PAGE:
The Emergent Rabbinic Pulpit

Feb 17, 2022
by admin

By Faith Leener, Executive Director, Base

 

As we continually reaffirm our organizational commitment to embrace the unknown, we open ourselves up to seeing our world and our work, anew. Base – our thriving network of pluralistic Rabbinic couples engaging young Jewish adults across the United States offers us a new lens through which to understand the Rabbinic pulpit.

 

As we continually reaffirm our organizational commitment to embrace the unknown, we open ourselves up to seeing our world and our work, anew. Base – our thriving network of pluralistic Rabbinic couples engaging young Jewish adults across the United States offers us a new lens through which to understand the Rabbinic pulpit.

 

Traditionally in the United States, Rabbis (Judaism’s most ancient form of communal leadership) have had three primary institutional structures to serve from:  a synagogue pulpit, a teaching position, or in a community organization (e.g. JCC, hospital chaplain, etc.) As we know well at Moishe House, this is not where the next generation of young Jews is showing up. They are in each other’s apartments, or at the coffee shop, bar, or gym down the street. They are in the metaverse, TikTok or on WhatsApp. And now, with the support and vision of many leaders and communities, they are also showing up to our Bases – seeking mentorship, spiritual guidance, and a community in which to explore our ever-shifting world and its impact on our lives and Jewish identities.

 

Base has become the non-denominational, non-institutional Rabbinate that the next generation of Jewish leaders seek to inhabit– it is the communal pulpit based in the heart of where life happens: our neighborhoods. As the global leader of post college, young adult Jewish engagement, Moishe House is primed to grow this program, and to attract early career Rabbis who seek to serve their peers in a fundamentally new way.

 

Since starting Base seven years ago, I’ve seen tremendous changes in the field of Rabbinics. When we first began to expand beyond our flagship pilots in New York City, I had to explain in painstaking detail, what Base is – how it is not kiruv work, and how it is different from the residential Moishe House model. If I got through that, then I had to convince young Rabbis it was worth the risk of not taking a more traditional pulpit. Truthfully and understandably, I was often unsuccessful. But a lot has changed in these last seven years. Today, dozens of early and mid- career Rabbis reach out to our team asking for a chance to build a Base, or advice on how to create something Base-like. When I dig into what that “Base-like” means, I usually hear something like, “I want to be with people. I want to help steward them through this turbulent moment in the world. I don’t want to wait for them to come in the doors of the synagogue, I want to go out to streets and meet them where they are.”  has been doing this work for years and programs like the Center for Rabbinic Entrepreneurship and the Beloved Builders Network have long waiting-lists for Rabbis who want to build new models of leadership and communal service.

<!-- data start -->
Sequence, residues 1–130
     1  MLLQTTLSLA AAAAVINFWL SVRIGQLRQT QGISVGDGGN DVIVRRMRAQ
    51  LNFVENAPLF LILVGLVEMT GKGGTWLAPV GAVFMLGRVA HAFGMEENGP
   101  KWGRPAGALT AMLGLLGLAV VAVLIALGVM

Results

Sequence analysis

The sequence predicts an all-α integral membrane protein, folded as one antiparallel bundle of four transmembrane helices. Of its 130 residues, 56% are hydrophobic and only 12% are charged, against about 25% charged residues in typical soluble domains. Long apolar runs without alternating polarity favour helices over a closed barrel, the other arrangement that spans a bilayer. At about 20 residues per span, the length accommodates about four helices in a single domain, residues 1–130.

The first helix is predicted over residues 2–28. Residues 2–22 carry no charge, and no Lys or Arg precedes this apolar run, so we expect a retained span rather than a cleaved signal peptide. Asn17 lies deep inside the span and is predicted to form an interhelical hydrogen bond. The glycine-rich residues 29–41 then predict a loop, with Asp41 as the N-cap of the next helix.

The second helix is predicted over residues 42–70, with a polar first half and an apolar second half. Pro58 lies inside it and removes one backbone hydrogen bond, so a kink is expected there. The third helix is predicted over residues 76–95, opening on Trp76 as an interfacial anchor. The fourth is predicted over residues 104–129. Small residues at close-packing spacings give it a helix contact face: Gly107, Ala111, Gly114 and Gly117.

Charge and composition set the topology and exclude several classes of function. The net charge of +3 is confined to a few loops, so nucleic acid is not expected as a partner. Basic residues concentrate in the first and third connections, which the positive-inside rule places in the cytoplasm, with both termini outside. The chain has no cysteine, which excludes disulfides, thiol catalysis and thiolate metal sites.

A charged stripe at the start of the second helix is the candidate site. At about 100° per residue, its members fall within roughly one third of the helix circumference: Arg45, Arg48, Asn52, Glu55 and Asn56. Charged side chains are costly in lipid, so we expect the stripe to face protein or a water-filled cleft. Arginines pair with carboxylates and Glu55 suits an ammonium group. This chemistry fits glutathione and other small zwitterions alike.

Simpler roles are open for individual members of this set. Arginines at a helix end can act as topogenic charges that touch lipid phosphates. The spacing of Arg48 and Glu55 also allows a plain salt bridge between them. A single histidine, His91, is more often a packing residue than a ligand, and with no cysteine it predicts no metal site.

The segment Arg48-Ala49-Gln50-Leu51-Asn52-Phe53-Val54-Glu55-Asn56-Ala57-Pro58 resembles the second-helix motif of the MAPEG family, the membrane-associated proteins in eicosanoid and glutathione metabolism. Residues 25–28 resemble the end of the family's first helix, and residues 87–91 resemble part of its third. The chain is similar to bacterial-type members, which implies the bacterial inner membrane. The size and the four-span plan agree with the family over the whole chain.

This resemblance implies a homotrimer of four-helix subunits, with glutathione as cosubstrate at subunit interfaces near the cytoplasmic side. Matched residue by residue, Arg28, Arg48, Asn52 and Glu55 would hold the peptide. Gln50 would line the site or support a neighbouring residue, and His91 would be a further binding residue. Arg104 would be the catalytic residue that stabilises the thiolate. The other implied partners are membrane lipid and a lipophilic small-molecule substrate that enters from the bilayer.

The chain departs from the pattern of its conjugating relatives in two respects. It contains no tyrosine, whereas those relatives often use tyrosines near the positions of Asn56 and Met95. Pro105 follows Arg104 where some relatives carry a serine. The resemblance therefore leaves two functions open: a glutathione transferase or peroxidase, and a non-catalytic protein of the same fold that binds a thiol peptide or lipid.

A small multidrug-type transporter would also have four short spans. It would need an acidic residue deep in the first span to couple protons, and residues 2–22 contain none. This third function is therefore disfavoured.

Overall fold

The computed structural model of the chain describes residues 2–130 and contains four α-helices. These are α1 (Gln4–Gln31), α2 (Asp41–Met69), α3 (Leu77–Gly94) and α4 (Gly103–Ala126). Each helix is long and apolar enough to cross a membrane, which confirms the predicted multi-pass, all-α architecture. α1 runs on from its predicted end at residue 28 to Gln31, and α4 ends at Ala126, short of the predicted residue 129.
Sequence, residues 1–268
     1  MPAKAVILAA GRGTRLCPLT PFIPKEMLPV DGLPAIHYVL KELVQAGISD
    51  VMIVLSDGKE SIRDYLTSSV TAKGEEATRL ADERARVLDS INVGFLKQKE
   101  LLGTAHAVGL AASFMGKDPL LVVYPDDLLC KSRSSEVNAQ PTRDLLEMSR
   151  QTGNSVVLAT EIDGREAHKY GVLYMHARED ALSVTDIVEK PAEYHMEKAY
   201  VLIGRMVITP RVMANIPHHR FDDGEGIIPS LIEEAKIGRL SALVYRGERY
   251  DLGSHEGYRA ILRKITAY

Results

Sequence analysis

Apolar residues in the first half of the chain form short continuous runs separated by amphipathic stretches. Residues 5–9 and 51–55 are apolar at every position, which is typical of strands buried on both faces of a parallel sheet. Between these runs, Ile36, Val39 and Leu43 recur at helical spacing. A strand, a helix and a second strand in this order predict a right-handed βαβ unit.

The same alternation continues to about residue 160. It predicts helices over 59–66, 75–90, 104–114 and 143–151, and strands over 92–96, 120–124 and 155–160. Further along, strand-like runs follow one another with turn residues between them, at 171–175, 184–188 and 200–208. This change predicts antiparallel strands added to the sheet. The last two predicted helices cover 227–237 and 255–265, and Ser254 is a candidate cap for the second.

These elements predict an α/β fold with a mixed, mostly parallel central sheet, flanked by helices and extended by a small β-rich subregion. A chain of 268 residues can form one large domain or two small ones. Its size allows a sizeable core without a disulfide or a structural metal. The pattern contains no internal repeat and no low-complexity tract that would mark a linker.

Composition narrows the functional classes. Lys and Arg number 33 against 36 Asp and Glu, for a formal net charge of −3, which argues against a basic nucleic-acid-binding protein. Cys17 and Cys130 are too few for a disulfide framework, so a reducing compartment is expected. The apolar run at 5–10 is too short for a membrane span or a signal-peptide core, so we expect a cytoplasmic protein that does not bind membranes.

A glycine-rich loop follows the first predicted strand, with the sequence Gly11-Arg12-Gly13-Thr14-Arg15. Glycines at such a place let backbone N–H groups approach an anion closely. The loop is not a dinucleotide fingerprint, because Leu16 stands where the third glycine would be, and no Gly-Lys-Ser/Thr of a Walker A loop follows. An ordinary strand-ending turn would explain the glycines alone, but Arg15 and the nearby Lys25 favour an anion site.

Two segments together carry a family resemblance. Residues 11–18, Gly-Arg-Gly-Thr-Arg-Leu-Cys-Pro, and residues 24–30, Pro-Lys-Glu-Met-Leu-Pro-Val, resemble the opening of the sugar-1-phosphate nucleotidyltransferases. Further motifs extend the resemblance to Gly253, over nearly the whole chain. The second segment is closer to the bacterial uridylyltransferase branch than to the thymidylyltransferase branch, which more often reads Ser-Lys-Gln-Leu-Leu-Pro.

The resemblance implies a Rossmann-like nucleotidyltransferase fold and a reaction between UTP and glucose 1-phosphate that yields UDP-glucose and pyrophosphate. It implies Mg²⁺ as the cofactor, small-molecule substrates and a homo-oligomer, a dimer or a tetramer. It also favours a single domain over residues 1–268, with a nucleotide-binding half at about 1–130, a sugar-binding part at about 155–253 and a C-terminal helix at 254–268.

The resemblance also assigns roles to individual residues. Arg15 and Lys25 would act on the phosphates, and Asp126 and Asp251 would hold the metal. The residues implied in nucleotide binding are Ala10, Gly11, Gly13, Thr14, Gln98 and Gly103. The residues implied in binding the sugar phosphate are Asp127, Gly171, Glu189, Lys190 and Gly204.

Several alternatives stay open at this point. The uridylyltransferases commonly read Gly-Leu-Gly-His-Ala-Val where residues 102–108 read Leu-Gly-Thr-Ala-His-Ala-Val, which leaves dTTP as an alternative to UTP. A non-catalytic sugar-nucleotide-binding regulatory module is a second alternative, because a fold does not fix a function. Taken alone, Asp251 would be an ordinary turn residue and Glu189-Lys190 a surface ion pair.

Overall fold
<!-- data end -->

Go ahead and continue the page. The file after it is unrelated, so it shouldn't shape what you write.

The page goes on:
Two things have become increasingly clear to me: Rabbis want to be with people, and people want and need more support than ever. The emergence of the joint economic and public health crises from the COVID-19 pandemic underscored the critical nature of the pastoral care that Base rabbis offer their communities. In fact, increasing evidence continues to emerge to demonstrate that young adults are being more heavily impacted by the emotional fallouts of COVID-19 than other age groups. 60% of young adults surveyed in 2020 by the Springtide Research Institute report feeling very isolated, and nearly half say they feel scared and do not want to be alone. Similarly, a study released by Brandeis University in January 2021 revealed that one in every four young adults surveyed feel lonely “often” or “all” of the time. The study went on to say, “The biggest danger facing young adults in a post-COVID world may not be medical or even economic, but emotional… Institutions and organizations in the Jewish community and beyond that serve young adults should recognize that social and mental health support might be the most pressing current need for young adults in the United States.”

 

Base Rabbis and their partners are doing this work. They are making space for uncomfortable conversations, hard feelings, and the emotional turmoil of our moment. They are creating safe gathering spaces, online and “IRL” (in real life). They are pastoring to the next generation who desperately needs it. Like the mishkan (tabernacle) that the Jews carried with them throughout their wanderings in the desert, our Rabbis are carrying their pulpit with them, from soul to soul.